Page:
Our goal is to continuously develop our services and support so as to improve the quality of life for our clients. By developing our advocacy work we hope to create a positive impact on the lives of our clients.

We actively strive to create increased awareness of the rights of Guide Dog or Assistance Dog owners amongst service industries, such as hotels, restaurants, transport providers and leisure outlets.

We also liaise with representatives from local authorities and Government departments to promote better design of the built environment. For instance, audible tactile pedestrian crossings and warning tactile paving are just some design features which we promote as they are essential to blind and vision impaired people.

We work to support and advocate the necessary changes to ensure all public places, services, goods and facilities are accessible to all our clients, including Guide Dog  owners and Assistance Dog owners.

If you require information please contact our Access and Education Officer, Lean Kennedy, on:

Lo-call: 1850 506 300

Email: [email protected]

Here are some of the important access and advocacy initiatives we focused on recently.

Minister of State with responsibility for Disability, Finian McGrath, visits our HQ and Training Centre

We were delighted to welcome Minister of State with responsibility for Disability, Finian McGrath, T.D., to our HQ and Training Centre on Thursday, January 12. In 2017 we anticipate it will cost €5m to run the organisation and provide life-changing services.

We will receive €840k in Government funding. This will only cover 18% of those costs. Our existing Government funding is provided solely for services for people who are vision impaired. This means we do not receive any Government funding for the Assistance Dog Programme for families of children with autism.

Over the course of the visit the Minister praised our work and stated that he understood the critical requirement of additional statutory funding for the organisation.

 Gearoid & Finbarr Griffin with Assistance Dog Flos speak to Minister McGrath
Gearoid and Finian Griffin with Flos and Minister of State with responsibility for Disability, Finian McGrath, T.D., during the tour of our National Training Centre.

Tyndall National Institute

We are partnering with the Tyndall National Institute, a world leader in nano-technology, to explore the use of sensors that will support our dog training. The sensors will collect information on the dog’s breathing, temperature, stress levels and other data.

This work will help us better understand their behaviour, enhancing our training and development, allowing us to create more partnerships, and enabling us to give a greater number of people the enormous benefit and life-changing independence and mobility.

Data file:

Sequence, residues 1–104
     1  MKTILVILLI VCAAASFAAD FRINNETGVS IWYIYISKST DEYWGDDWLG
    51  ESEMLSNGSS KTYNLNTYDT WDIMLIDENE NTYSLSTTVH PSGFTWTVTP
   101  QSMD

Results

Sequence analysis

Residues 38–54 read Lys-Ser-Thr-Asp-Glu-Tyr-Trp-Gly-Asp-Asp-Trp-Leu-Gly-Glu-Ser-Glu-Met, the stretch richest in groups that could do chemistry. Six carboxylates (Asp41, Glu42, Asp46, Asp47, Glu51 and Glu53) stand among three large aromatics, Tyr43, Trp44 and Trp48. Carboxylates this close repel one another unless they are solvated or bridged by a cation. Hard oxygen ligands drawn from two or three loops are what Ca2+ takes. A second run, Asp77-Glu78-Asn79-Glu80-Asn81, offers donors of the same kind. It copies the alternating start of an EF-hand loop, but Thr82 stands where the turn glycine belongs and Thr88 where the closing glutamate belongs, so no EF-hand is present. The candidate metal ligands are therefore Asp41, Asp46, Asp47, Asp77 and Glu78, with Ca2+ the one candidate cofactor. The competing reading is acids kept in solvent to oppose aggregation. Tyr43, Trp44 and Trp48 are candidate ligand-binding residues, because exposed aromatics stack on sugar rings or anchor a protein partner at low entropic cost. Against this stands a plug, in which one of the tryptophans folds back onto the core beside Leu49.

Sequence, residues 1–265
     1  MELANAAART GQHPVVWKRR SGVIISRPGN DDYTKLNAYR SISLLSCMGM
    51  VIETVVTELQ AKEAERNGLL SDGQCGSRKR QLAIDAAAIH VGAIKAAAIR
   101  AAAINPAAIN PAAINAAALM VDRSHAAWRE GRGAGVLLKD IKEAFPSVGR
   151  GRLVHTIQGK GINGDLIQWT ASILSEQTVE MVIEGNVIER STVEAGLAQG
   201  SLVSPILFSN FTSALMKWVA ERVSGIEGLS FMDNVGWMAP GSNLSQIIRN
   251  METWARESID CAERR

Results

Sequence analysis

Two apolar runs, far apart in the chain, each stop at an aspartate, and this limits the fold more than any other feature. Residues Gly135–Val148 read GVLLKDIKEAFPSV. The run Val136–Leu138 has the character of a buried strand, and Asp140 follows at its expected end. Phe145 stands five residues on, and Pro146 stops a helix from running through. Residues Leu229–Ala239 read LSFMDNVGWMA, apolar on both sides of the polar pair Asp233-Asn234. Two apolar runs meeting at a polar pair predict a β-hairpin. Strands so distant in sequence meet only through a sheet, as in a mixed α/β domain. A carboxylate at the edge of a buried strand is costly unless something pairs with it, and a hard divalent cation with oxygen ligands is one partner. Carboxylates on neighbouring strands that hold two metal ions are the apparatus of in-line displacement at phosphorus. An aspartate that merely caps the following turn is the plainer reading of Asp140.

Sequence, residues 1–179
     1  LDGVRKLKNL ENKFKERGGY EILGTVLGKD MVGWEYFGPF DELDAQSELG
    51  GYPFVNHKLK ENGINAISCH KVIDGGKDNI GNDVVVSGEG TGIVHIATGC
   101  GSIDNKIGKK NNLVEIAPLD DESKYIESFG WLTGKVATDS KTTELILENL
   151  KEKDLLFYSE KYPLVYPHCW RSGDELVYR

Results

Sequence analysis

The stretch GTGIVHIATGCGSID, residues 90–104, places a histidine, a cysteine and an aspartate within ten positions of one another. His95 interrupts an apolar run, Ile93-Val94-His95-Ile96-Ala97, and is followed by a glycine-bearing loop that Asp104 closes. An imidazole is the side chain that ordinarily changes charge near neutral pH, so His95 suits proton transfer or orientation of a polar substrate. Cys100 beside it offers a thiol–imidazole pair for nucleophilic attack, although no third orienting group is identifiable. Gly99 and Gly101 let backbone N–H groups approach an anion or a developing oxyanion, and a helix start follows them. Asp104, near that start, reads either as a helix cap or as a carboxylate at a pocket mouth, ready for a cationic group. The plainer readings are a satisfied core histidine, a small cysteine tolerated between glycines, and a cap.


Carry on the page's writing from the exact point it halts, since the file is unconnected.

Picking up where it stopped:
This work also sees Tyndall, with the support of the National University of Ireland Galway, develop technology to help us better understand the challenging behaviours associated with autism, and, ultimately, designing technologies that will allow parents and carers better support children with autism at critical times.

Working Dog Tax Allowance

We welcome the recent announcement by Minister for Finance Michael Noonan of the extension of the Working Dog Tax Allowance for families of children with autism.

People who are vision impaired who own a Guide Dog can claim a Guide Dog Tax Allowance of €825 in addition to the Blind Tax Credit. This allowance assists with the feeding and health insurance costs incurred with owning a Guide Dog.

In our 2017 pre-budget submission, Irish Guide Dogs asked for a similar allowance to be allocated to parents of children with autism who own an Assistance Dog.

Smart Street Hero Campaign

On World Sight Day, we launched a campaign to create better awareness of how pavements blocked by parked cars, wheelie bins, overhanging hedges and street furniture, such as shop signage, can impede the independence and mobility of people with vision impairment.

These obstacles force people who are vision impaired out onto the road in the midst of noisy, fast moving traffic, which they cannot see. Some of our clients have had injuries walking around their local area.

With increased fear, anxiety and a real risk of harm, some feel so intimidated by the risks outside that they end up staying at home and becoming even more isolated.

Five steps to being a Smart Street Hero:

Follow these five steps to make your street friendly for people who are vision impaired.

  1. Park on the street, not the pavement.
  2. Cut back overhanging branches from your garden.
  3. Ensure wheelie bins and refuse containers are not left on the pavement. Where bin collectors do not replace bins properly, please report this to your local council.
  4. Report broken street lights, badly cracked paving slabs, potholes, damaged drain covers,  or anything else that might prove a hazard to people who are vision impaired.
  5. Clean up litter, especially broken glass which can injure Guide Dogs and bulky items which can create a trip hazard.
Client and Guide Dog beside a car which has been parked on a pavement.

Advice for service providers

As part of our goal to educate the public about our clients we have put together fact sheets to allow service providers better understand how they can make life easy for them as they go about their daily lives.

For a fact sheet relevant to your business contact Lean today at: [email protected] or call 1850 506 300